The Brassey Institute was originally built by Thomas Brassey as the School of Science and Art, together with a free Public Library and Museum. Today it the home of Hastings Public Library and after years of neglect, a major refurbishment was carried out in 2016-18 restoring this magnificent building to its original splendour. The Brassey Institute is one of the architectural glories of Hastings, both internally and externally, which deserves to be more widely known and appreciated.

The Brassey Institute today, following restoration

Following on from this famous tournament of 1895, Hastings hosted a yearly International Chess Congress , which continues to this day and has attracted the greatest from across the world of chess. In fact, every chess world champion, before Garry Kasparov, with the exception of Bobby Fischer has played at Hastings, it was the Congress that everyone wanted to be a part of.

In the 1920s, into this rarefied world of international chess, appeared the amazing Vera Menchik, arguably, the greatest woman chess player of all time and resident of St. Leonards on Sea. I guarantee that most people outside of the chess world have not heard of this remarkable woman and she is almost unknown in Hastings and St. Leonards, but I believe it is time she joined the Hastings and St. Leonards ‘Hall of Fame’.

Vera was a refugee from Russia and Czechoslovakia, who arrived in England, at the age of 16, without a word of English. Her father was Russian and her mother, Olga, was half English and following the breakdown of her parents marriage, she moved to St. Leonards on sea, where her grandmother lived at 13, St. John’s Road, near Warrior Square station.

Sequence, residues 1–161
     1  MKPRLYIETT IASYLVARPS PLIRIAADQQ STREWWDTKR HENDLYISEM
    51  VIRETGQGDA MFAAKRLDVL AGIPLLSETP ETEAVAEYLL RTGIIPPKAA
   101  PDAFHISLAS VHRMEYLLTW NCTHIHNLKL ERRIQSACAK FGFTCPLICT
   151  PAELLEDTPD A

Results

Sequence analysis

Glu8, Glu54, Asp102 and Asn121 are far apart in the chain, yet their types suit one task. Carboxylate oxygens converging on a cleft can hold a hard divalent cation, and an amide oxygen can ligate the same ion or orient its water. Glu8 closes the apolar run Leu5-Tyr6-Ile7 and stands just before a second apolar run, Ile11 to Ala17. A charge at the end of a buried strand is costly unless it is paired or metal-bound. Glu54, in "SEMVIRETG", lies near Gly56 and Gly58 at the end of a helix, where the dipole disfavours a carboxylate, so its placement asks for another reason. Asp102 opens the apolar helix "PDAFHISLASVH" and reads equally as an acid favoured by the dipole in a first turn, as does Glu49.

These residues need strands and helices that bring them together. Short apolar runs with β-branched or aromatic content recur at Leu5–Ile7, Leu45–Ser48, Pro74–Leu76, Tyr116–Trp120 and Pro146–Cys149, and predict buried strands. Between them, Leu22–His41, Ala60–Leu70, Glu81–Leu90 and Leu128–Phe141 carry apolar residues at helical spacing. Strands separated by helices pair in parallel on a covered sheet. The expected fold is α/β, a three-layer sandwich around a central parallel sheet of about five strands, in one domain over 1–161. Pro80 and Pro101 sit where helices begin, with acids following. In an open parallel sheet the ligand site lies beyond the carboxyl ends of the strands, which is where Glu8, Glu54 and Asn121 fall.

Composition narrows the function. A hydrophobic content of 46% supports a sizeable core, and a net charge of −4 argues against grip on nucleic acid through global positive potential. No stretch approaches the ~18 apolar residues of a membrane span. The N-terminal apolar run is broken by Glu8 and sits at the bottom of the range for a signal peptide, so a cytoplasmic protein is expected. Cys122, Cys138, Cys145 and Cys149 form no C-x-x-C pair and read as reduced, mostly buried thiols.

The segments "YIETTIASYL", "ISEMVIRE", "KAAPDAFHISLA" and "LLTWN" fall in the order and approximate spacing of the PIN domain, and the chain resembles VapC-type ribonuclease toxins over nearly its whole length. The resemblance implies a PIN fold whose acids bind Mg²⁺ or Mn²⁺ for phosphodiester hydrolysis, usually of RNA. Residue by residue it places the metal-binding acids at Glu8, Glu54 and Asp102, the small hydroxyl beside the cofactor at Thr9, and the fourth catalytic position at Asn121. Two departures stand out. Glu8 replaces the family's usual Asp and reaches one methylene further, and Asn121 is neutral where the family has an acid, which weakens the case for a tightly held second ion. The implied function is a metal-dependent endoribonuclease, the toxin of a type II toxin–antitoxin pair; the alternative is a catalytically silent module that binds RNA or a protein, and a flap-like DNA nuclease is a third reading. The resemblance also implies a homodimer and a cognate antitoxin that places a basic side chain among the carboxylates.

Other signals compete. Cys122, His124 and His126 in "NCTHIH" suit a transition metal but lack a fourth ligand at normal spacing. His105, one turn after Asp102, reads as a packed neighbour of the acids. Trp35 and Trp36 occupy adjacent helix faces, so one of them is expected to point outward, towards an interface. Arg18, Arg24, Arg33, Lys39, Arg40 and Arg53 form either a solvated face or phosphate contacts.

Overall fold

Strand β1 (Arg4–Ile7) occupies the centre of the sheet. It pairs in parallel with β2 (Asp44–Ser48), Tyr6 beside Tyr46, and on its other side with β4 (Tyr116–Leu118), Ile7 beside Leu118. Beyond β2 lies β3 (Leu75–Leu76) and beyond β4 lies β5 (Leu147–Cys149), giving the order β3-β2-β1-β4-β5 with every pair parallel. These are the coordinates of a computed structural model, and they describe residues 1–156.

Vera Menchik at the age of 21 in 1927
After Menchik won the 1926 London Girls’ Championship, she gave a 13-board simultaneous exhibition

Decades before the fictional Beth Harman arrived on the scene, Vera was encountering misogyny and discrimination in the male dominated world of chess. Many men ridiculed her and the Viennese master Albert Becker, at the start of one tournament in 1929, mockingly proposed that any male player whom Menchik defeated in tournament play should be granted membership of the Vera Menchik Club. However, the last laugh was on Becker, when he became the first member of the club, followed by dozens of the world’s top male players. Vera would not be cowed by all this ridicule and, prior to one tournament, she declared that she was looking forward “to drinking some men’s blood.”

Vera bent over the chessboard in 1935

Vera’s father had taught her chess at the age of 9 and at the age of 21, in 1927, she became the Woman’s World Champion, which had been established that year. She then held that title for the next 17 years in a row, an amazing achievement, ended only by her untimely death in 1944.

Vera had married Rufus Steven in 1937, a widower twenty-eight years her senior, also very much of the chess world, who subsequently died in 1943. Tragically one year later, Vera, her sister Olga, and their mother were killed in a V-1 flying bomb attack which destroyed their home in Clapham, London, bringing an end to a dazzling career at the young age of 37.

This year, the New York Times, published ‘Overlooked,’ a series of obituaries about remarkable people whose deaths, beginning in 1851, went unreported in The Times. This is the article, a fascinating read about a exceptional person – Overlooked no more: Vera Menchik. It is time Vera Menchik joined the other august residents that have lived in Hastings and St. Leonards and is honoured with her own blue plaque on the family house at 13, St. John’s Road.